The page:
Have you ever been around someone who ALWAYS has some sort of bad news to share? It's like they suck the life out of the room. As adults, we can usually avoid these types, but what do you do if they live in your house?
I know a mom who struggles with this with her young son. It starts in the morning. When asked what kinds of things he will be doing in school, it is always about a test, project or interaction with peers that is going to go badly. When asked about his day after school, it's more of the same, e.g., "It was a horrible day" or "It was the worst day of my life."
This little boy was a "the glass if half empy" kinda kid. What a sad and depressing way to go through life! His mother, determined to raise an optimist, not a pessimist, got busy. She started strategizing ways to encourage her son to look at the positives rather than the negatives. Here's what she did:
- She would ask him every morning what he was most looking forward to at school. If he couldn't come up with anything, she would tell him that she was going to ask him again the next day. She continued to ask him this question every morning. Eventually, her son was able to tell her about things he liked at school.
- At the end of the day, she would ask him what the best thing that happened at school was that day. She used the same strategy if he was unable to answer. Again, we was eventually able to tell her at least one thing. The bonus for her was that she learned a lot more about what was going on at school and understand her son's strengths and where he struggled.
- She gave lots of positive reinforcement when he mentioned positive things, e.g., "That's great!" or
"You must have been so proud of yourself."
- She ignored Debbie Downer comments. She knew that when there is no payoff for a behavior, the behavior will diminish.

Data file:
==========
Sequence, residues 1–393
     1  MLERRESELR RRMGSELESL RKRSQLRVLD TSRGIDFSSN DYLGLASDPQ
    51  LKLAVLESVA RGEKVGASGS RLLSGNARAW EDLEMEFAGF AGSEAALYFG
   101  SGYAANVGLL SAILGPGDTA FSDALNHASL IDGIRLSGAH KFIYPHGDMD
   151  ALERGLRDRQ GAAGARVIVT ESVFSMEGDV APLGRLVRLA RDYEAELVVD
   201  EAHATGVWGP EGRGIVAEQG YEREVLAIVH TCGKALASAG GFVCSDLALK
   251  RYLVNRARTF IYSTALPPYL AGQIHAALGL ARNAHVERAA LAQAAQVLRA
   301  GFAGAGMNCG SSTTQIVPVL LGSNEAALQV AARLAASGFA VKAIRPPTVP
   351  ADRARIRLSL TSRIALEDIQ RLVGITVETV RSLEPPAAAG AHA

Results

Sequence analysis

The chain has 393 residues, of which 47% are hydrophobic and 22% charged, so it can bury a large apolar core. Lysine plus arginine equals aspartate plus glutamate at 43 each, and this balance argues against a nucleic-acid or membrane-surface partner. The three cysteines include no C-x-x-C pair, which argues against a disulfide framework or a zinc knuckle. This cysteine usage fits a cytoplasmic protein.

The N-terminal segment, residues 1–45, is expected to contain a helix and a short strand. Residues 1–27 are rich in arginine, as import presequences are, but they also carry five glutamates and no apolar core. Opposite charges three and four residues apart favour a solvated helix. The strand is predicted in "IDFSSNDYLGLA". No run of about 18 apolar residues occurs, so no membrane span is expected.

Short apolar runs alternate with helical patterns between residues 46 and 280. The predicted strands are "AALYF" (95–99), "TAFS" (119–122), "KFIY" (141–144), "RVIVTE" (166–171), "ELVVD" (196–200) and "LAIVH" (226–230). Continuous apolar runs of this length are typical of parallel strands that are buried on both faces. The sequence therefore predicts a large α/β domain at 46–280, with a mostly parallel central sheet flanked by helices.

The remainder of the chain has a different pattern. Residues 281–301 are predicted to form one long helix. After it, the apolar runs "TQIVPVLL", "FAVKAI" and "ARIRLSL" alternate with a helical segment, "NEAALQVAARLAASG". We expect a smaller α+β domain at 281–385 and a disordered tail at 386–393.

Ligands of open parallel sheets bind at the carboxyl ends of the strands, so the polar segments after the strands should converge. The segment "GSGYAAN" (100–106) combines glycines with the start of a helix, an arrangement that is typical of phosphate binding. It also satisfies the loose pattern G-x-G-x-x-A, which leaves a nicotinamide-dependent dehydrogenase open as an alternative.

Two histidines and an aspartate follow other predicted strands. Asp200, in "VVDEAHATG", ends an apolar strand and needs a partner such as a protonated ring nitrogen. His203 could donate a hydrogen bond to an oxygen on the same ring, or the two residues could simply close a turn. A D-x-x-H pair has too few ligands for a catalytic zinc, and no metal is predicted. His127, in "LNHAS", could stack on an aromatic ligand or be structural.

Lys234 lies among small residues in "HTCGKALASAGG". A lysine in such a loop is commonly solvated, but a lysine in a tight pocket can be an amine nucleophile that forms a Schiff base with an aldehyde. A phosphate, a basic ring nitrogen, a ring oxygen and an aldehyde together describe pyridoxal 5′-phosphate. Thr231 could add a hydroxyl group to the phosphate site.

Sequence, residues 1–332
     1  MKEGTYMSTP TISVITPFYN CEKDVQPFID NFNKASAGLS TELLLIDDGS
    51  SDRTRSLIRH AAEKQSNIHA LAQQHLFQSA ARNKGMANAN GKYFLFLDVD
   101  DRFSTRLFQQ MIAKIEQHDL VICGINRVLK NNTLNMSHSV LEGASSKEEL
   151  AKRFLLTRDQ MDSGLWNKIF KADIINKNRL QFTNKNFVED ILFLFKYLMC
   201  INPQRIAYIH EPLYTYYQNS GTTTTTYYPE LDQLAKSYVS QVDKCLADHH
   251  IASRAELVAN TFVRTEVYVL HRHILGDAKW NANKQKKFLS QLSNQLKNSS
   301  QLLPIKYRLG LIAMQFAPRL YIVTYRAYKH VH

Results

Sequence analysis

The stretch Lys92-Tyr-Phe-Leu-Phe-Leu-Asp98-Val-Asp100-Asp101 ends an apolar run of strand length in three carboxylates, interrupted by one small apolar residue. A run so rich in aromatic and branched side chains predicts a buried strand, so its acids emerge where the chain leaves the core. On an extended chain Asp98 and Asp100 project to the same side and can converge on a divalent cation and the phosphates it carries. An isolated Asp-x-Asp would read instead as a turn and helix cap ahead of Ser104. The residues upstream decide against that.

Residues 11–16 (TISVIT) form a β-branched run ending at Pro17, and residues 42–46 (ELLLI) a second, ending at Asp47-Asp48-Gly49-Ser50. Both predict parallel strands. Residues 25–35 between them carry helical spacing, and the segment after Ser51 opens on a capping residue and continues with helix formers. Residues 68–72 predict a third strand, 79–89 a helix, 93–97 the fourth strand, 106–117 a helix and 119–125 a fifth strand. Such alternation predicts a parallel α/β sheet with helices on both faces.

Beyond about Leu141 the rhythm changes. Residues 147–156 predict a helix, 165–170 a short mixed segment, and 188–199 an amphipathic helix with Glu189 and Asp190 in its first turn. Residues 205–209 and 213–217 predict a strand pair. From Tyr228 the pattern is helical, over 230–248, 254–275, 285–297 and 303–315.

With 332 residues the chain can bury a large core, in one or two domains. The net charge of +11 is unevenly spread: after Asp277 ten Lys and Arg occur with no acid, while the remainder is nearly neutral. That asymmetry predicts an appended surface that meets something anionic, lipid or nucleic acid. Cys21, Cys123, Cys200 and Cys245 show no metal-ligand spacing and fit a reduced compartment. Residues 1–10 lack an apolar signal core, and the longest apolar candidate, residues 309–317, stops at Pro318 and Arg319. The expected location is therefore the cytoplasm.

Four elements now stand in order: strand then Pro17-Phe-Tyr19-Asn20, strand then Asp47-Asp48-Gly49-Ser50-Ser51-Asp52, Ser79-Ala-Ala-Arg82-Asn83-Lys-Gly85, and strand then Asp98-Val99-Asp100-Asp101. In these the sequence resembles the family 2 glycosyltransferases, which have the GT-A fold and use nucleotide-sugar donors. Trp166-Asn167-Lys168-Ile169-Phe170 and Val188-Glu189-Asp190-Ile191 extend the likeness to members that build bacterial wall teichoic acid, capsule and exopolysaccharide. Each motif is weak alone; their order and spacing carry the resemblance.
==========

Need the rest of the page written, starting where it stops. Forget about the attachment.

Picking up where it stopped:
While continuing to try to ignore as much as the pessimistic attitude as possible, there were certainly situations that came up that were negative, but that needed to be discussed. For example, a disagreement with friends. Rather than feeding in on her son's view on the situation, she guided him through the use of pointed questions to try to help him learn from the situation.
For example, when he would tell her what he said, if she thought the comment was snarky or possibly out of line, rather than giving her opinion, she would ask him the friend's response, what kind of look did they have on their face, what he would do differently next time, etc. She tried to guide him to understand his friends body language. By using pointed questions in this way, she was encouraging learning so that her little guy would be more likely to remember these points the next time he had a disagreement.
The mother's efforts eventually started to pay off in that her son's pessimistic attitude eventually started to turn around. I'm happy to report that the little guy in question has grown into a happy, energetic and "the glass is half full" young adult!
Do you have a Debbie Downer living in your household? What things have you tried to turn your pessimist into an optimist? Share you thoughts...and for those of you who are unfamiliar with Debbie Downer, check out this video -- it's a hoot!